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Volume 21 No. 2


The NFL sparked the surprise decision last week that the St. Louis Rams would not play “home” games in London in 2013 and 2014, with the league worried about the team’s standoff with local authorities over terms of its lease, sources said.

While the team made the ultimate decision, the sources said, the league made it clear to the Rams that the long-running lease dispute could threaten the league’s long-term London initiative.

Uncertainty over their stadium lease will keep the Rams from playing “home” games in London.
London is a key league priority, with plans perhaps as soon as 2013 to have two games annually in the British capital. There have been discussions within league circles about having even more games there each season, though such talk was described as hypothetical versus the more immediate possibility of dual games in 2013 or at the latest the following season.

The NFL did not want the Rams’ increasing stadium standoff with St. Louis authorities to interfere with the league’s larger overseas plans.
The Rams disputed that they did not fully drive the decision.

“We initiated conversations with the NFL in recent months about withdrawing from future games in London in order to focus our attention on the [lease],” said Kevin Demoff, the Rams’ chief operating officer. “We believe in the NFL International Series and its objectives and worked closely with the NFL on this decision.”

The league is now looking for another of its teams to take the two games, with speculation falling on the Minnesota Vikings. The Vikings will be in their last campaigns in the Metrodome in the coming years, with plans for a new stadium proceeding. Team President Mark Wilf did not respond for comment. Other clubs are under consideration, as well.

The NFL has played a single game in London since 2007 but wants to add more. As importantly, it wants one team returning regularly, to become akin to London’s team. The Rams were to be that team, with the announcement earlier this year that the club would play games in each of those 2012-14 seasons in the city.

The Rams will still play this October in London, with a source saying the St. Louis Convention and Visitors Commission ceded this year’s game. The Rams’ lease with the commission requires all home games to be in the Edward Jones Dome. The lease expires in 2014 if the facility is not considered in the top quarter of all NFL stadiums, which it is not currently.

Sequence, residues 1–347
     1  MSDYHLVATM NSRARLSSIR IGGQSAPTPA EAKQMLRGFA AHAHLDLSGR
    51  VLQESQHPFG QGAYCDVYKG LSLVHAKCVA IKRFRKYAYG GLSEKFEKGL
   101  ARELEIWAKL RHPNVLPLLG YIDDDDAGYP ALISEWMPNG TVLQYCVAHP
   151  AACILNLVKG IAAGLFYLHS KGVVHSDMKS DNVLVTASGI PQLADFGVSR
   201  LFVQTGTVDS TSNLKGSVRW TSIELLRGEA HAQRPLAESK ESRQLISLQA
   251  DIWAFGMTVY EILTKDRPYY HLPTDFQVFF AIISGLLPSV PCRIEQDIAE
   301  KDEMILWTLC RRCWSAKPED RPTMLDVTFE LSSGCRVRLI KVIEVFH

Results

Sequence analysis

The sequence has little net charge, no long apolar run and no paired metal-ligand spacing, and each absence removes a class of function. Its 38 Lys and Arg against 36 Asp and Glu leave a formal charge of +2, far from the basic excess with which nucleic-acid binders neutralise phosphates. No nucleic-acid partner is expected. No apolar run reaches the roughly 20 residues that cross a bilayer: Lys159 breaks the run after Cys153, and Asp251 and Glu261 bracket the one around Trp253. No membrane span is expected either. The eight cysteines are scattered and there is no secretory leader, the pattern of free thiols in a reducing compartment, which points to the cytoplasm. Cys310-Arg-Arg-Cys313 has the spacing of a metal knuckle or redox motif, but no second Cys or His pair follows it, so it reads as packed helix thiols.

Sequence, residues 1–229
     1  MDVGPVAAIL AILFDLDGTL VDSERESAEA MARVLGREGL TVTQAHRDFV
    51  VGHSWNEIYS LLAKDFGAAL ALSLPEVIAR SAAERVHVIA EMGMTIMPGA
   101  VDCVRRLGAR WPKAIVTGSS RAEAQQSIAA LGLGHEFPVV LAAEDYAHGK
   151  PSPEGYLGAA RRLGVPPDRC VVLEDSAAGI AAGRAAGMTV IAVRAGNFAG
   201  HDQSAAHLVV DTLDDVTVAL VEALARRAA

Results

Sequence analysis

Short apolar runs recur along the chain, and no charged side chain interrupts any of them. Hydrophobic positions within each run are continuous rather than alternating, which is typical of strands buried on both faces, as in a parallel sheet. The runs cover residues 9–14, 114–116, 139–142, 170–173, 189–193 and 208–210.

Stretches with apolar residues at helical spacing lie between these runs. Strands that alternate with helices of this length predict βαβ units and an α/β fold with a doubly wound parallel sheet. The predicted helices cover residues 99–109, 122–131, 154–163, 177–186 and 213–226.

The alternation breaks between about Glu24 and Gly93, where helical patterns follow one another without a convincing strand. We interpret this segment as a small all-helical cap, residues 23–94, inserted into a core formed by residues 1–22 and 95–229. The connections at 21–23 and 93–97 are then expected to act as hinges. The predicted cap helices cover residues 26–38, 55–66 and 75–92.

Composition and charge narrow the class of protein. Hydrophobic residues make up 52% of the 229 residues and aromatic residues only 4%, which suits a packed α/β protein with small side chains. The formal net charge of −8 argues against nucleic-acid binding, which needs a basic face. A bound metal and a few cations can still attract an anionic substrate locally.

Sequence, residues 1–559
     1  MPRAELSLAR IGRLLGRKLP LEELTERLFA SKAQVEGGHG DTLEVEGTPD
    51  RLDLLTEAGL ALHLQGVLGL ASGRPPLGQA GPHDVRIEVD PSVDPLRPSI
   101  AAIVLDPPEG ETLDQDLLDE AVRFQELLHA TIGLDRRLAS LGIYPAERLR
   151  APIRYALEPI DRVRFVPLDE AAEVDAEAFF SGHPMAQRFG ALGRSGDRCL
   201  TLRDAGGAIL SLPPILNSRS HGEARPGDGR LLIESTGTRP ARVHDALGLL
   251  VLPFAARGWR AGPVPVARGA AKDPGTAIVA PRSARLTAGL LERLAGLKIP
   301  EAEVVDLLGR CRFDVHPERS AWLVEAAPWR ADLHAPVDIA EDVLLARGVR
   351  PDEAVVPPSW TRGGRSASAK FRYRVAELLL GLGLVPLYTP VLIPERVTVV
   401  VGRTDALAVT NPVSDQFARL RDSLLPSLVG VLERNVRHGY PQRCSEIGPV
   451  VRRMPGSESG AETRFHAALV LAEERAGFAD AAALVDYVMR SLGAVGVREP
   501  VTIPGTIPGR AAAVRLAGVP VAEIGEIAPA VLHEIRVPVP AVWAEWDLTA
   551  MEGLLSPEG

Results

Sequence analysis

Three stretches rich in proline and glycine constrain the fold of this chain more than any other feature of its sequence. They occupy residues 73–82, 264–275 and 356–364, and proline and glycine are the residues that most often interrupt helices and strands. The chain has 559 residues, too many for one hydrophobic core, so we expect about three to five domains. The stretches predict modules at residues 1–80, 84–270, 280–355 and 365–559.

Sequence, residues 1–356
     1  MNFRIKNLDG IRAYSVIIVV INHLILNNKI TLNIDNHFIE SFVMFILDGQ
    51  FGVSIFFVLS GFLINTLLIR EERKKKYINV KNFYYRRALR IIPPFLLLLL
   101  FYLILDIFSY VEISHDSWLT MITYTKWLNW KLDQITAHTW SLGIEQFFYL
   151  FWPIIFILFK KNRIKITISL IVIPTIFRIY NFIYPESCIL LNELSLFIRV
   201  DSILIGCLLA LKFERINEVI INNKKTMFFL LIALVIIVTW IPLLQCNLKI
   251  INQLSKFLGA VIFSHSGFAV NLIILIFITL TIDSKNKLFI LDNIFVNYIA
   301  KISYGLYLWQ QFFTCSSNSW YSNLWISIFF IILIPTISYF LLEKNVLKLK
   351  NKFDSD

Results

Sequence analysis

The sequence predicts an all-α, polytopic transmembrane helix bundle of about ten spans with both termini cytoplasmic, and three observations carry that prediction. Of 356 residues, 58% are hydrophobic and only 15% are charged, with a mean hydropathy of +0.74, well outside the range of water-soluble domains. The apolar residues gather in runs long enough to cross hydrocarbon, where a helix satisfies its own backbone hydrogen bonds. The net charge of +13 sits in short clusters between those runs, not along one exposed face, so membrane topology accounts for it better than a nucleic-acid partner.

It’s unclear why the Rams announced plans for three London games if the lease provision was a sticking point. The two sides have exchanged proposals for upgrading the stadium, and the issue is now in arbitration. The commission has 60 days from the arbitration decision to accept or reject that result.

NFL Commissioner Roger Goodell wants to more than double league revenue over the next decade, and international is a big part of that. More overseas games mean more sponsorships, licensing and TV fees. Whether that means an actual home team in London is much less certain.

The Dallas Stars have signed the University of Texas Southwestern Medical Center as the team’s official medical provider.

The five-year deal marks the first time one entity will be managing the medical care of the Stars — a consolidation of services already in place at other NHL clubs. Until now, the Stars have employed a range of doctors from several North Texas hospitals, with UT Southwestern among the providers.

According to an industry source, the partnership calls for a cash investment by UT Southwestern of mid-six figures annually.

For UT Southwestern, the agreement is the medical center’s first such deal with a sports franchise, though many of its doctors have individual affiliations with teams throughout North Texas. Those deals are unaffected by the organizational partnership with the Stars.

With more than 3,000 employees, UT Southwestern is the flagship medical school of the University of Texas system. Its 231-acre campus is in Dallas.

The deal calls for UT Southwestern at each home game to provide to the Stars and their opponents a primary care sports medicine physician, orthopaedic sports surgeon, emergency medicine specialist, dentist and plastic surgeon. UT Southwestern will receive dasherboard and LED signage, a website banner, and advertising via the team’s yearbook, game program and Stars Insider email.

In addition, the Stars’ Hockey Pulse microsite will feature wellness and sports medicine tips from UT Southwestern staff. The hospital will have its logo on the Stars’ practice jerseys and become the presenting sponsor of the Stars’ efforts for Hockey Fights Cancer, a leaguewide initiative.

The team believes the most important aspect of the deal is having all its doctors under one roof.

“We’ve been in Dallas for 20 years and have always provided exceptional medical care to our players and staff,” said Frank Provenzano, Stars assistant general manager. “UT Southwestern brings a depth of expertise under one system.”